Play - So Important
Liam's most favorite person from the hospital came into his room bringing a big smile, some toys, and a great attitude. She introduced herself as Meg and asked if he would play with her for a bit. She explained that nothing she was going to do would hurt him at all - she just wanted to play with him. Her interaction with Liam really made his day (and my day too). She was able to get more speech out of him than anyone and had him using his right hand. They played with blocks, playdoh, puzzles, and cars.
Her official position is referred to as a Child Life Specialist.
As their playtime ended she invited Liam to come on down to the playroom as soon as he was ready to walk. (We visited later that same day with his physical therapist.) She also gave him a set of cars, playdoh and a puzzle to take home with him.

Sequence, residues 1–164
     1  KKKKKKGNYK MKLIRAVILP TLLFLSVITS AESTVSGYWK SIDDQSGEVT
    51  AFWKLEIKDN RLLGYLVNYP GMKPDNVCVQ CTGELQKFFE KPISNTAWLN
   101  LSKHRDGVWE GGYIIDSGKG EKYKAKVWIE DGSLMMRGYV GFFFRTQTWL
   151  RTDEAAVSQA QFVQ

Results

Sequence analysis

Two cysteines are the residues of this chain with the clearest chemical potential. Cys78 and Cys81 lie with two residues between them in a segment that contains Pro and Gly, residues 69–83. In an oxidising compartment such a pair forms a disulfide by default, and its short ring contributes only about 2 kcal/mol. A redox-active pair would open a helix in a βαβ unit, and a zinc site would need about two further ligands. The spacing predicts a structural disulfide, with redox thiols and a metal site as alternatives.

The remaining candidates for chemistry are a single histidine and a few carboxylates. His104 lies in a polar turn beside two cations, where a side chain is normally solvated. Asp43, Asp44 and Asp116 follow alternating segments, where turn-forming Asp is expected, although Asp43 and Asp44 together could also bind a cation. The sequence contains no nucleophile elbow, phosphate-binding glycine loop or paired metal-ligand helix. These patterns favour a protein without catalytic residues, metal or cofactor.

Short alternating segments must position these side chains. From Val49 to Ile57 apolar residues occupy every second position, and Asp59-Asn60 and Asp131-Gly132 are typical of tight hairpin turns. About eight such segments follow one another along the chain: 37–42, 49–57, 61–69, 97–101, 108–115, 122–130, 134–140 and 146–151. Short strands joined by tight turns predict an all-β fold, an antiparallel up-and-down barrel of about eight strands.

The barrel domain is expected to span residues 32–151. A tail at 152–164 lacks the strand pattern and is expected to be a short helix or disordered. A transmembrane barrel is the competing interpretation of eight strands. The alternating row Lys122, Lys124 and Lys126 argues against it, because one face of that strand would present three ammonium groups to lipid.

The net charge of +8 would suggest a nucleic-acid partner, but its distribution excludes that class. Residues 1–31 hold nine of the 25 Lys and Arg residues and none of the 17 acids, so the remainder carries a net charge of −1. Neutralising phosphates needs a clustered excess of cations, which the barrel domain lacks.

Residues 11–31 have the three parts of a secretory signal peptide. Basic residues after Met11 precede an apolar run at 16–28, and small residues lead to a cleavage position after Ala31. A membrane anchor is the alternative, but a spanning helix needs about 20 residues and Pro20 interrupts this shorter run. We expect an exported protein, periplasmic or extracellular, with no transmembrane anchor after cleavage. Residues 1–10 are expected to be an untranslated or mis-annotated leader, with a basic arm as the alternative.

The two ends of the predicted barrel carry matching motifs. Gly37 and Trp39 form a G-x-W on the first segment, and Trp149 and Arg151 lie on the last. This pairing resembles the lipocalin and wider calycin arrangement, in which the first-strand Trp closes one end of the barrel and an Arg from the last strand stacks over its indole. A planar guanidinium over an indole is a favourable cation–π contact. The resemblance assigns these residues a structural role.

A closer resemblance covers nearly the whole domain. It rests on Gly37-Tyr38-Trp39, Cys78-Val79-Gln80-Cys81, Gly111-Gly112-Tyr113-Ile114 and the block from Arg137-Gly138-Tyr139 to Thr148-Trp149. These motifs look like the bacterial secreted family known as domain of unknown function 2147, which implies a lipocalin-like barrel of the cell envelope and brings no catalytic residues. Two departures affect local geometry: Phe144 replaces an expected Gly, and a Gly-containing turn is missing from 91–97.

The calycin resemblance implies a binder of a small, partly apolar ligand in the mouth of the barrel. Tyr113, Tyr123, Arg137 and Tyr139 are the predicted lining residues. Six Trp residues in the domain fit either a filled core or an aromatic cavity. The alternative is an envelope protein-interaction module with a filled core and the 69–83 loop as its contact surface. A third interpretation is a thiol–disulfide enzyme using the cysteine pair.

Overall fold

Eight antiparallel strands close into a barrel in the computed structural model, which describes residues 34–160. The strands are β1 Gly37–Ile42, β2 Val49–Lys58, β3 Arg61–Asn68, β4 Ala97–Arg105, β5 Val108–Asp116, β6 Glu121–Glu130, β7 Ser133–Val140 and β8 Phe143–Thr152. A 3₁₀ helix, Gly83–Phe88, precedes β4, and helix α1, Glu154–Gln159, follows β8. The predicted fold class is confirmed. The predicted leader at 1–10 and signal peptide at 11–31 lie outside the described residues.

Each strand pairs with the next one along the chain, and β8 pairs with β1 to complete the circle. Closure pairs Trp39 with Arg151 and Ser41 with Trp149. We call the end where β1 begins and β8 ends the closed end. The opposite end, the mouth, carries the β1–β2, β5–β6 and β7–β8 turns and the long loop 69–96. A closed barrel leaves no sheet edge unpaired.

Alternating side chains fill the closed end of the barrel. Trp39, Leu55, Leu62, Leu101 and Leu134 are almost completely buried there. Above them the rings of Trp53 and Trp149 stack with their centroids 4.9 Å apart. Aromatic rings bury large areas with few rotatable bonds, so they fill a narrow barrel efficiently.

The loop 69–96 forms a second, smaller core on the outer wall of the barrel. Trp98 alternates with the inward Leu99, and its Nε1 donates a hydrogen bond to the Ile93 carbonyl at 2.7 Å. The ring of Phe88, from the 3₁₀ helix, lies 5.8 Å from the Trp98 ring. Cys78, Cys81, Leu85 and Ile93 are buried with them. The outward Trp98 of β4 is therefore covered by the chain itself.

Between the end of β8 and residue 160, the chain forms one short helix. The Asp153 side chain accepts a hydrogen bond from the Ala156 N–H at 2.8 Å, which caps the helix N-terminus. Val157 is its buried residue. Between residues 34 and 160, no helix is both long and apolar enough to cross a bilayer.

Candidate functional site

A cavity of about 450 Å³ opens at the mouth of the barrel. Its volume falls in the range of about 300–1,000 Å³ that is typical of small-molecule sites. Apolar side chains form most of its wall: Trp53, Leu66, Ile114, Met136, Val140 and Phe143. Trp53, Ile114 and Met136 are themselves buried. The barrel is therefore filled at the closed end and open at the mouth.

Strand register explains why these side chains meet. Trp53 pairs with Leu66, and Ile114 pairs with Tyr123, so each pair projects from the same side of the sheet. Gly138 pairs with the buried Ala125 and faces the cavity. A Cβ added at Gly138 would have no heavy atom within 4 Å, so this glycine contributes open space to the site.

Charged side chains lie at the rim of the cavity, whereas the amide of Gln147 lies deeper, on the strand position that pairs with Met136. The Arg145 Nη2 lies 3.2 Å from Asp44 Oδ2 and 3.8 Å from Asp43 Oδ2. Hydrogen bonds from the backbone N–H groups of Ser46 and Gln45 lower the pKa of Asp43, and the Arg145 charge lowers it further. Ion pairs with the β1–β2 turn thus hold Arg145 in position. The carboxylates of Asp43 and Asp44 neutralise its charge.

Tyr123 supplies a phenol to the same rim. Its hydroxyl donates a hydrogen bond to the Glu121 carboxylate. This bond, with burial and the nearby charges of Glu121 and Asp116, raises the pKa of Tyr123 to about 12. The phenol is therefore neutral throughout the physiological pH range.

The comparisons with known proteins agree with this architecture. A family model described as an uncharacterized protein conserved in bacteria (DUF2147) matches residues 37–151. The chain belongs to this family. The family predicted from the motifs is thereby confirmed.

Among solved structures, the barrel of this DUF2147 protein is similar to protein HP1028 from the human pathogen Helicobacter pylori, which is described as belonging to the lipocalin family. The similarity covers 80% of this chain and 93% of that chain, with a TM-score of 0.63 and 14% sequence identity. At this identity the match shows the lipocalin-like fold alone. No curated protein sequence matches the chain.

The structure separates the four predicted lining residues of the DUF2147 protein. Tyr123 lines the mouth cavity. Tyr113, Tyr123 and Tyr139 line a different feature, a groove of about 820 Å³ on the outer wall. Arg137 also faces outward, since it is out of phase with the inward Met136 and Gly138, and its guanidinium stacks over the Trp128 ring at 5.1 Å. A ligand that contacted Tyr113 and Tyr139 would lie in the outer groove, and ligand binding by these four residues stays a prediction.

As an early childhood educator I know the importance of play. I didn't realize how big of a role play would have in Liam's road to recovery that soon after his stroke. I am still thankful for the time Meg spent with Liam making him feel comfortable and at ease in a very stressful situation.
I would venture to say that every children's hospital has a playroom. If you're ever looking for somewhere to donate any extra new toys (after Christmas or a birthday party perhaps) look into your local children's hospital. I know Loyola is always looking for new toys to help brighten the days of their youngest patients.
My friend sent me a great NPR article about child life specialists and how important they are to the functioning of a children's hospital.